Congress to amend the Constitution to allow her to run again.

Mrs. Kirchner seemed to recover well from her surgery, but Argentina’s 
economy came under greater stress. With inflation soaring, she 
overhauled her economic team in November, thrusting two young officials 
into prominent roles.

With Mrs. Kirchner largely avoiding the public eye and leaving 
explanations of the abrupt economic policy shifts to her aides, many 
Argentines are fuming.

“She puts the blame on everybody else, but she’s the one running the 
country,” said Iván Orozco, 53, a travel agent. “She sees a reality that 
doesn’t exist.”
Launch media viewer
There was little other activity on Friday as a woman walked through the 
Salon de Los Patriotas Latinoamericanos in the presidential palace in 
Buenos Aires. Anibal Adrian Greco for The New York Times

Even before the currency tumult, polls showed support for Mrs. Kirchner 
falling sharply. Her approval rating plunged to 27 percent in January, 
from 42 percent in November, according to a nationwide survey by 
Management and Fit, a polling company that interviewed 1,600 people 
across Argentina shortly before the peso tumbled against the dollar.

“This is this government’s most important crisis,” said María Casullo, 
an expert on populist politics at the University of Buenos Aires.

Mrs. Kirchner took office in 2007 and still draws support from her base, 
including many poor voters who have benefited from social welfare 
programs that she and her husband, Néstor Kirchner, who preceded her in 
the presidency and died in 2010, put into effect after the financial 
collapse of 2001 and 2002. Her supporters, who point out that 
Argentina’s economy is still expected to grow modestly this year, have 
also assembled an array of pro-government news organizations in an 
attempt improve perceptions of her in a highly critical media landscape.

Cynthia García, a panelist on 678, a pro-government news debate program, 
rejected the notion that Mrs. Kirchner was avoiding discussing the 
currency crisis.

“If she doesn’t use the words that represent neoliberal interests, they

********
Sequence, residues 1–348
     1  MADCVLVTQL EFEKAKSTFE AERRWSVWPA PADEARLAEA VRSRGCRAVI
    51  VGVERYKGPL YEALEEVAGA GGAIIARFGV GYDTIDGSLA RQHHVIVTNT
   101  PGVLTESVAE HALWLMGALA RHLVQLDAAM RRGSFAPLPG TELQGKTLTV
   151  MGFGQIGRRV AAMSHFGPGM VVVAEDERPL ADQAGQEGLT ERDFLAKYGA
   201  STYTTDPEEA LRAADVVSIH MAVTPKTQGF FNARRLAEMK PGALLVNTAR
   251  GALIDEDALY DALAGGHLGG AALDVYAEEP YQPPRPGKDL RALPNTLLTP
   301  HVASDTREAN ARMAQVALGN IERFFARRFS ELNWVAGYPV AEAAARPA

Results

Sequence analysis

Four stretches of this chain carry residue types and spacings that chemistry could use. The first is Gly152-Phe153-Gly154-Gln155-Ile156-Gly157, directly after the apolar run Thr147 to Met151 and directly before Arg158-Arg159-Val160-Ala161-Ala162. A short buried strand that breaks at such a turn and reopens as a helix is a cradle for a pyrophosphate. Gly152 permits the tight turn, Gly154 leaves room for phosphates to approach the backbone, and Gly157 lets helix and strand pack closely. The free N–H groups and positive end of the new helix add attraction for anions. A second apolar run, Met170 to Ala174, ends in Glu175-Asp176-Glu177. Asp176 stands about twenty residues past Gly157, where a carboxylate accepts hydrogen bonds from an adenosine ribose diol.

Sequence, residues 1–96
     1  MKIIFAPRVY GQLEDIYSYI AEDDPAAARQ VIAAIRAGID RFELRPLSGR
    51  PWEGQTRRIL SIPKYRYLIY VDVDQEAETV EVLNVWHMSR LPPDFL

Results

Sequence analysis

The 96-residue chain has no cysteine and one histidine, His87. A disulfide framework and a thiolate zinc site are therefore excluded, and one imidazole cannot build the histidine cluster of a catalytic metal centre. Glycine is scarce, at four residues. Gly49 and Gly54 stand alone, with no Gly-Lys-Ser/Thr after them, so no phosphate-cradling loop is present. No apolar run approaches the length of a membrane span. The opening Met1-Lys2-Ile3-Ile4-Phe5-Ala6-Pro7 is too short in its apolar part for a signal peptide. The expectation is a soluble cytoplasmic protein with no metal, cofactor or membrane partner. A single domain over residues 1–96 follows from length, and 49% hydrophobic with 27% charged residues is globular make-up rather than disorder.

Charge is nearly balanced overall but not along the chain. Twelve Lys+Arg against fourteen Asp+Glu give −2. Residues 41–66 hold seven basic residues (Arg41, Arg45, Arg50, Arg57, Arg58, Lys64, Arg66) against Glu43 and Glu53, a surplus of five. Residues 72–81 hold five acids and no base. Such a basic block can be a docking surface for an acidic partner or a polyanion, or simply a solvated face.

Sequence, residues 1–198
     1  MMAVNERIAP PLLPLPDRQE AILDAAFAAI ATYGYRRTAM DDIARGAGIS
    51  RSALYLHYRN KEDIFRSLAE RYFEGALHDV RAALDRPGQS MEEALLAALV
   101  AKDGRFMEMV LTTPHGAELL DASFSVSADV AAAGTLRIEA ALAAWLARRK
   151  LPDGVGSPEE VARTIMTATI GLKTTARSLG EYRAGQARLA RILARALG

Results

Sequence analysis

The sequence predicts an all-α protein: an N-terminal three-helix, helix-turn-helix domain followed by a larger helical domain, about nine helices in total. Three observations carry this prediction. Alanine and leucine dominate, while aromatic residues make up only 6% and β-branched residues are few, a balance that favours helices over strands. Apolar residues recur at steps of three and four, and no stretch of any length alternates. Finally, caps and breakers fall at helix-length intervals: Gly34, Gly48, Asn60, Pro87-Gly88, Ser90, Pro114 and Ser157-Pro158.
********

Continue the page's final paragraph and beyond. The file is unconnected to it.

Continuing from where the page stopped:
say she’s silent,” Ms. García said, referring to the market-oriented 
economic policies that prevailed here in the 1990s. “But she is by no 
means a coward.”

The decline in economic growth from the boom years until 2011 is also 
exposing Mrs. Kirchner to greater criticism about her own wealth, which 
has skyrocketed since 2003, the year her husband came to power, 
according to sworn declarations presented to the federal anticorruption 
office.

The Kirchners were worth about $2.3 million a decade ago, largely the 
result of property dealings in Patagonia, their political bastion. In 
2010, their fortune had grown to approximately $18 million, including 
debt, according to Mrs. Kirchner’s sworn declaration, during a period in 
which she was a senator before her election as president.

It is thought that Mrs. Kirchner inherited half of Mr. Kirchner’s 
estate, with the other half going to their two children. Subsequently, 
in 2011, her declared wealth dropped to about $9.4 million before 
growing again to about $10.5 million in 2012, according to her most 
recent submission of documents to the anti-corruption office.

She declared 25 percent and 50 percent ownership stakes in 26 properties 
in Buenos Aires and the Patagonian province of Santa Cruz, where Mr. 
Kirchner was governor for over a decade.

When a student asked her about the rise in her wealth after a televised 
speech at Harvard University in 2012, Mrs. Kirchner said that judicial 
investigations had not revealed any irregularities. “We had, and I have, 
a certain economic position, which is the product of the fact I have 
worked my whole life and I have been a very successful lawyer,” she 
said. “Now, I’m also a successful president.”

As many Argentines resort to buying dollars in the black market here, 
her expanding wealth and near silence as the currency tumult unfolds are 
opening Mrs. Kirchner to greater criticism.

“She used to speak every day and now it’s once every 45 days,” said José 
Fernández Montero, 65, a baker. “She’s looking out for her own 
interests, her own money. The country is going backward.”

Still, the crisis has not fazed her staunchest supporters. “She’s a 
capable lady, an honest lady,” said Jacinta Giménez, 68, a retired 
saleswoman. “I’d vote for her until the very end.”